France to push pension reform through parliament by decree


The decree avoids the need for a Parliamentary vote after the opposition filed more than 40,000 amendments to the draft law.

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The French government said on Saturday it would push President Emmanuel Macron’s contested pension reform through parliament by decree, avoiding the need for a vote after the opposition filed more than 40,000 amendments to the draft law, reports Reuters.

The reform, which is the single greatest overhaul of France’s pension system since World War Two, prompted weeks of public sectors strikes and street protests before opponents of the legislation took the battle to parliament.

Macron loyalists, who hold a majority in the National Assembly, branded the mountain of amendments a cynical ploy to stall the pension bill’s passage through parliament.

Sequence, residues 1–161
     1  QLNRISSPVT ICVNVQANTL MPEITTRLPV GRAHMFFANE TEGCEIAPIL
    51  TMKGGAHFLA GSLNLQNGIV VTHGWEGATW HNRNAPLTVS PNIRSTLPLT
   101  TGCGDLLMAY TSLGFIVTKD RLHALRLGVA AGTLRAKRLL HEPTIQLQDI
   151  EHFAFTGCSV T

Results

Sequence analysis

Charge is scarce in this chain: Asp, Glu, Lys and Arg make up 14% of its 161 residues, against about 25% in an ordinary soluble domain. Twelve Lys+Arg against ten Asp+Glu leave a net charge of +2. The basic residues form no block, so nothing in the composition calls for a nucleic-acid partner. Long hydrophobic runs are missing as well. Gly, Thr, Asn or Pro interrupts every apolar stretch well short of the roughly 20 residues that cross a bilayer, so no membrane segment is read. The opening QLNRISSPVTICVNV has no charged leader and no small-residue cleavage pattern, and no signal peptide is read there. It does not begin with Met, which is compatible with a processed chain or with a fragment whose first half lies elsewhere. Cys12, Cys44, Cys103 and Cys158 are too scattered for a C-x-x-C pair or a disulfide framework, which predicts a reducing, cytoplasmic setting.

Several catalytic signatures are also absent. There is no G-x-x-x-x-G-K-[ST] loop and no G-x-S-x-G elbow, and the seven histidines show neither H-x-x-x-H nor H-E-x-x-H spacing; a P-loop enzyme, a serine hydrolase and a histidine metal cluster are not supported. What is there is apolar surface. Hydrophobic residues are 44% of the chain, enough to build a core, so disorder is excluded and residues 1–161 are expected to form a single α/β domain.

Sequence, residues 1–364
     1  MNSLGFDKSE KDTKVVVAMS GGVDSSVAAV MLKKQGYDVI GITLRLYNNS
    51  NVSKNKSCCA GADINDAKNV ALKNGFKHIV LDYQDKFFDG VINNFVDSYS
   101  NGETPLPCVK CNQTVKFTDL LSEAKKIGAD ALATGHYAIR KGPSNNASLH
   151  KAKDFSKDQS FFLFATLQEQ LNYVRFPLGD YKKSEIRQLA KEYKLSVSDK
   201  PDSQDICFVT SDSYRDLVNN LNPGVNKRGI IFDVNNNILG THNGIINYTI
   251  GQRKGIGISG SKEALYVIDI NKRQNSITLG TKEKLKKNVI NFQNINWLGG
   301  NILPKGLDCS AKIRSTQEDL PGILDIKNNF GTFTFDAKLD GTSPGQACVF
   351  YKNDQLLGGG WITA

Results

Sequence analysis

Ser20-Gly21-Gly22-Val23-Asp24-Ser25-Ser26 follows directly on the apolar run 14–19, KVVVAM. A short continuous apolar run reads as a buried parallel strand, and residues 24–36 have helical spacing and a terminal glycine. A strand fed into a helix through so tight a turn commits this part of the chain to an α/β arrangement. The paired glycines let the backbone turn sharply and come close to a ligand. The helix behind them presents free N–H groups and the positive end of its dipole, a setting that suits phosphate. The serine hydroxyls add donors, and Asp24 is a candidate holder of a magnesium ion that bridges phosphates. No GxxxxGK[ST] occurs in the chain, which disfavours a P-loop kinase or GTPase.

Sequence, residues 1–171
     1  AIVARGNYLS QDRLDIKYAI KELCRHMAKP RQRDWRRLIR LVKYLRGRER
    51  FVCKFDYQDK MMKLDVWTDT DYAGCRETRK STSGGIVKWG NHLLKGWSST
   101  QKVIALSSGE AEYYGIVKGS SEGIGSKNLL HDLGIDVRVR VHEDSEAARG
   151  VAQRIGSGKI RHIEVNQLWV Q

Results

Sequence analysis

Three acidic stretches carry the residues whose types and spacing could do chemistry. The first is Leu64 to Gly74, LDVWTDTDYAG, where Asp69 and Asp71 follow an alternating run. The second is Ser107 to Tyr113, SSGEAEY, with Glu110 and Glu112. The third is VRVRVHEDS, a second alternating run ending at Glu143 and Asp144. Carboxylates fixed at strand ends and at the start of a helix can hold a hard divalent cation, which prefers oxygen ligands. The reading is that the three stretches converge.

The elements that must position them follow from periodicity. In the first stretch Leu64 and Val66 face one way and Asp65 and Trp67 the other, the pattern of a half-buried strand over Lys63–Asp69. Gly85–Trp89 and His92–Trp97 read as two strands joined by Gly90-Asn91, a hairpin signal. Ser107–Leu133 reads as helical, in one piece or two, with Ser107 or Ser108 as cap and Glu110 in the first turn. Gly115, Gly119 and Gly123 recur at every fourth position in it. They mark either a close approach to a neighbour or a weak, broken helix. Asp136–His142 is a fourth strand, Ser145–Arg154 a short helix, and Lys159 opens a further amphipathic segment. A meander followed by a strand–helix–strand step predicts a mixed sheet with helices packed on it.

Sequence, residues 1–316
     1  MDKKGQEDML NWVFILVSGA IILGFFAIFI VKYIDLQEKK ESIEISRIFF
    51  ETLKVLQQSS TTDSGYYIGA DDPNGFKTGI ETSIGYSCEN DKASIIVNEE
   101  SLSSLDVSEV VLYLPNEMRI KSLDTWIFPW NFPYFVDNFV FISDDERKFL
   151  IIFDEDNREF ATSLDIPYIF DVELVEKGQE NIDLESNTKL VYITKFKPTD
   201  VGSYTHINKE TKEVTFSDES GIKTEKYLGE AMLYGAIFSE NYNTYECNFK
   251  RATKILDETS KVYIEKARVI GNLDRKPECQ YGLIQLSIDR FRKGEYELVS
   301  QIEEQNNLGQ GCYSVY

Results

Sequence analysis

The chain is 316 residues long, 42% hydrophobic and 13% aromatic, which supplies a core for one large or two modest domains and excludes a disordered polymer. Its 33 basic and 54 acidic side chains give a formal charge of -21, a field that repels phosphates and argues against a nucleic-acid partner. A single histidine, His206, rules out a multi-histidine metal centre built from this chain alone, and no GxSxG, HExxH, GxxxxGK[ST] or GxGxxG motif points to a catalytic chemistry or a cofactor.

“I have decided to engage the government’s responsibility on the bill creating a universal retirement system, not to put an end to debate but to end this period of non-debate,” prime minister Édouard Philippe told the lower house of parliament.

Catching lawmakers off-guard during the latest parliamentary session on the reform, Philippe’s announcement was met with howls of protest from members of the far-left France Unbowed party that tabled most of the amendments. It responded by saying it would file a motion of censure against the government, which has next to no chance of passing in parliament.

Read more of this report from Reuters.

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